Author Topic: x86_64?  (Read 2322 times)

Cyber

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x86_64?
« on: August 06, 2009, 10:24:38 pm »
As a complete newbie, is there any plan to support 64 bit OS?  I haven't used 32bit linux in about 6 years.  (Do Intel/AMD still routinely sell 32bit CPU's?)

tschak909

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Re: x86_64?
« Reply #1 on: August 06, 2009, 10:53:38 pm »
we do builds of amd64, but they are not tested in any way. Primarly, this is because:

(1) given the nature of the software, LinuxMCE doesn't need the extended address space offered by 64-bit address spaces.
(2) the performance increase offered by 64-bit accelleration has been nominally less than 7% over the 32 bit build.

Given this, the incompatibilities, and additional bugs resulting from improperly written third party software, doesn't justify us with our small build team to maintain a 64-bit build for public consumption at this time.

Unless you want to maintain it?

-Thom

Cyber

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Re: x86_64?
« Reply #2 on: August 06, 2009, 10:59:44 pm »
Thankyou Thom,
Appreciate the prompt reply and can see the logic.  Beyond my abilities to maintain a 64bit version.  Will see if my CPU remembers how to run 32bit.

colinjones

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Re: x86_64?
« Reply #3 on: August 07, 2009, 01:39:39 am »
(Do Intel/AMD still routinely sell 32bit CPU's?)

To address this specifically - all Intel/AMD/etc x86_64 (actually known as AMD64 now) chips are also 32 bit chips. That is unlikely to change any time soon.

The nomenclature now is:

i386 = 32 bit mode (not a 32 bit chip, as such, and the brand is irrelevant, it is still called i386)
AMD64 = 64 bit mode (not a 64 bit chip, as such, and the brand is irrelevant, it is still called AMD64)

Cyber

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Re: x86_64?
« Reply #4 on: August 07, 2009, 05:37:23 pm »
Thom mentioned that you do AMD64 builds.  Where can I download these?  Do you have a link?

tschak909

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Re: x86_64?
« Reply #5 on: August 07, 2009, 05:59:18 pm »
they are not publically available. you can build them yourself if you set up a builder. look in the wiki for Building LinuxMCE 8.10

-Thom

fearingsept

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Re: x86_64?
« Reply #6 on: August 07, 2009, 08:02:59 pm »
I have been running the 64 bit version for over a year now. ... next install I do I am going back to 32 bit since it is better supported. Getting ready to build a new core this week. I want to be able to use MAME in the near future. 64 bit seems somewhat flakey from time to time. I am sure my wife will like me better when I am not having to fidget with my core all the time.
Core: Broken :(

Enigmus

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Re: x86_64?
« Reply #7 on: August 29, 2009, 08:56:35 pm »
I've been running the 64bit version for about a year now too.  I've had some stability and performance issues with Samba amongst other things.  Next release I plan on moving to 32bit.  However, 64bit is the direction that most software platforms are moving due to memory limitations at the 32bit level.  PAE will allow 32bit to survive for a while but at some point it would seem this project will have to move to 64bit.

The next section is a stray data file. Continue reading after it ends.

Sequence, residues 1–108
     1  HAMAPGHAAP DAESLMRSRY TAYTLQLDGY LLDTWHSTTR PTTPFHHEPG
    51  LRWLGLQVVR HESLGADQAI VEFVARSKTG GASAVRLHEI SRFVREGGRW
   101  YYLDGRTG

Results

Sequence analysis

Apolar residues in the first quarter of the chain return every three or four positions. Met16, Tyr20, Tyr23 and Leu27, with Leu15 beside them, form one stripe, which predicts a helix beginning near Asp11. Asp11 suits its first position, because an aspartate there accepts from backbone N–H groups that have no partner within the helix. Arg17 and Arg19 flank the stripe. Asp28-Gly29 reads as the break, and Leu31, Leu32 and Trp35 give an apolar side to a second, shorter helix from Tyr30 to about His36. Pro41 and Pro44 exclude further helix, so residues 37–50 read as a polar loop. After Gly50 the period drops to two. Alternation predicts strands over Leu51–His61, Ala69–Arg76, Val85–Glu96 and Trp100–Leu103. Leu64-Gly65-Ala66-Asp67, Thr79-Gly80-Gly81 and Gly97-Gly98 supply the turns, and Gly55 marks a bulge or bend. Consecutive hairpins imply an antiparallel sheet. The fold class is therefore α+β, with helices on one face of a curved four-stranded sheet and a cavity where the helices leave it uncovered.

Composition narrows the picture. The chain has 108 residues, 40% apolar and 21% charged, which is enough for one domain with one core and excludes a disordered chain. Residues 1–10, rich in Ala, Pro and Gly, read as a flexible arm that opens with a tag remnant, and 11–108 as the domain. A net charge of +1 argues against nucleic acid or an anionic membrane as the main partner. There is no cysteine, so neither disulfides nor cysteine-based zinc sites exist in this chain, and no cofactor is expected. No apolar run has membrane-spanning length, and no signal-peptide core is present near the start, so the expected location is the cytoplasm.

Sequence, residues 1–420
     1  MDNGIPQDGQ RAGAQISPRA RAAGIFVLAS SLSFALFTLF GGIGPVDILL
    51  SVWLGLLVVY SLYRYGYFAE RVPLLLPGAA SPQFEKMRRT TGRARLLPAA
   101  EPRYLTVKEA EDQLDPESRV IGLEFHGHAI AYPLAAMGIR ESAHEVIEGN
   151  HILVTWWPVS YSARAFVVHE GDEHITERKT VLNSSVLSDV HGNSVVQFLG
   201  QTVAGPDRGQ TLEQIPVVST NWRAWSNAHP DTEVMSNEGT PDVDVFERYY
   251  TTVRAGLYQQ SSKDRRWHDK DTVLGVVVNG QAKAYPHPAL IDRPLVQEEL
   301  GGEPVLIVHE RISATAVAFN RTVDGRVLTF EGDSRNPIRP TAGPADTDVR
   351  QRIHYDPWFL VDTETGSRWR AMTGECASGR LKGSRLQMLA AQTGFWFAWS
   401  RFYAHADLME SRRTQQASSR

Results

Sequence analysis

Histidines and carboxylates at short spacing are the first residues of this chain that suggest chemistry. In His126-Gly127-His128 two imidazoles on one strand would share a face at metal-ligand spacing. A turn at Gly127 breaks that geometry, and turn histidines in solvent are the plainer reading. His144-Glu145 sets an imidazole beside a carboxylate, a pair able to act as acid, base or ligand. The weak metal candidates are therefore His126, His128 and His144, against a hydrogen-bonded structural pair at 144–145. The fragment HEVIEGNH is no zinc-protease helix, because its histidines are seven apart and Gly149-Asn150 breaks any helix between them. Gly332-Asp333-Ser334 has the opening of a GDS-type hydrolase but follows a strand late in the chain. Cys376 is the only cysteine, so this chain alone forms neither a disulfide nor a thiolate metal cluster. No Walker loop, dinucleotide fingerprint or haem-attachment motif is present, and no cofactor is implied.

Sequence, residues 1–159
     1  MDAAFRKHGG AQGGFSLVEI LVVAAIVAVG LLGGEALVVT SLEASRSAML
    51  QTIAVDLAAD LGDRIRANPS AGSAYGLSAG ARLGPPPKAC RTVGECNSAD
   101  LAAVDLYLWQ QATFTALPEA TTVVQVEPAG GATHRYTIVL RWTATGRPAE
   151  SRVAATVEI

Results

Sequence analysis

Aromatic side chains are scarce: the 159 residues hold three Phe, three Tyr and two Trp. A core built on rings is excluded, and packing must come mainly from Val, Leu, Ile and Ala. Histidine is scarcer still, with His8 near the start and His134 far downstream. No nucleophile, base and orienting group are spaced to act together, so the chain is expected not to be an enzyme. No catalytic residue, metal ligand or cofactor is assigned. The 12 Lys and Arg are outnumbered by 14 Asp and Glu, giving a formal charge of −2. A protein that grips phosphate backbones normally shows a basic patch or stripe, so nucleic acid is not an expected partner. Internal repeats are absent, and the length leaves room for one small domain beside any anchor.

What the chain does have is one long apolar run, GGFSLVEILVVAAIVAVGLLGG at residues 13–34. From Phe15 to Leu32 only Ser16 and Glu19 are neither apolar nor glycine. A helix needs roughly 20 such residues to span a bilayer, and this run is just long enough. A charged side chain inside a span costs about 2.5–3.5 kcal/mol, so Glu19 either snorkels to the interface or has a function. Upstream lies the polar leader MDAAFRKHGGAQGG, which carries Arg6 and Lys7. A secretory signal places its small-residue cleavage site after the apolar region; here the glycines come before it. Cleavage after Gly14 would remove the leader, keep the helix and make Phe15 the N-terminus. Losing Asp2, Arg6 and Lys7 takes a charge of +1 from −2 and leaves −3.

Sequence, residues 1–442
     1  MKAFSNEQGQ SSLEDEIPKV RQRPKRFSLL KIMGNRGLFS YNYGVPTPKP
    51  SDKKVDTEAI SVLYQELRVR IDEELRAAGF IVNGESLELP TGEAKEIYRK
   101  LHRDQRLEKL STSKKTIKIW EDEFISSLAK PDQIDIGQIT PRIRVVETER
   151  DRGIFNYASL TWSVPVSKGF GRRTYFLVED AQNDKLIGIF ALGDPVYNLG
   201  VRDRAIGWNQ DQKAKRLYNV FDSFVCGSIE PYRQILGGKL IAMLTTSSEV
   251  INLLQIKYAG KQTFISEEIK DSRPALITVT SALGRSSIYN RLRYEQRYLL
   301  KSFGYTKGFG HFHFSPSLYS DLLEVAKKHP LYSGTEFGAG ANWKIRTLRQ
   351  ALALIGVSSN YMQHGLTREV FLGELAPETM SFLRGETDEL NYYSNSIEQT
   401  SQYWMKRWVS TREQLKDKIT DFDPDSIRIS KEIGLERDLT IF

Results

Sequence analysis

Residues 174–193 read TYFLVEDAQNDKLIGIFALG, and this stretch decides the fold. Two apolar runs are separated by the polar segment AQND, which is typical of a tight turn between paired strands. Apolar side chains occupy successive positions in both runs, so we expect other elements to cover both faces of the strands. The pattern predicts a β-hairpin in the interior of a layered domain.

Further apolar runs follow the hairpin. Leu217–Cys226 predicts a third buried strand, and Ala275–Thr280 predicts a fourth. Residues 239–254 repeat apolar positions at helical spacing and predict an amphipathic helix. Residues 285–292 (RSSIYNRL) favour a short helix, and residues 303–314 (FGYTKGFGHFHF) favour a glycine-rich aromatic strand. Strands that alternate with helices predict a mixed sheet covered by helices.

tschak909

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Re: x86_64?
« Reply #8 on: August 29, 2009, 09:48:11 pm »
Dude.... *shake-head*

64-bit is about address space.

The vast majority of computing problems DO NOT NEED THE EXTENDED ADDRESS SPACE OF 64-bits!

This is the BIG reason why the industry has been slow to move to it.

Given that:

(1) LinuxMCE is an I/O bound application, NOT a memory or CPU bound application
(2) The I/O busses on x86 machines are downright PITIFUL, especially with their insanely asymmetrical front side bus design. I can only hope that someday the entire x86 and x86_64 architecture gets DUMPED for something more balanced in this department.
(3) The memory consumption (and therefore by extrapolation the needed address space) of a media director has never gone beyond 1.5 GB when in full use.

In short, it's a plateau. A big one.

I am sick and tired of people thinking that bigger is always better, when they just puppet what the "pundits" shove down their throat, instead of actually studying the problem domain and determining if a solution is actually appropriate!

If you want a high performance core, 64-bit isn't going to help. You're better off literally trying to strengthen your I/O subsystem by either balancing it:

(1) vertically, more disks on a RAID, on a controller that can adequately transfer on the bus, to get your iowaits down.
(2) horizontally, by pushing storage out to NASes on the network, and using a well balanced interconnect (good twisted pair cabling, good switch, good cards which try to offload data transfers as much as humanly possible)

while avoiding:

(1) disks which use host based transfer methods such as USB, which suck up ungodly amounts of CPU time in the form of iowait.
(2) unbalanced memory configurations

So, unless our address space requirements shoot up considerably in the next 3 years, we're not going to actively support the 64-bit configuration any time soon.

-Thom

Enigmus

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Re: x86_64?
« Reply #9 on: August 30, 2009, 12:04:55 am »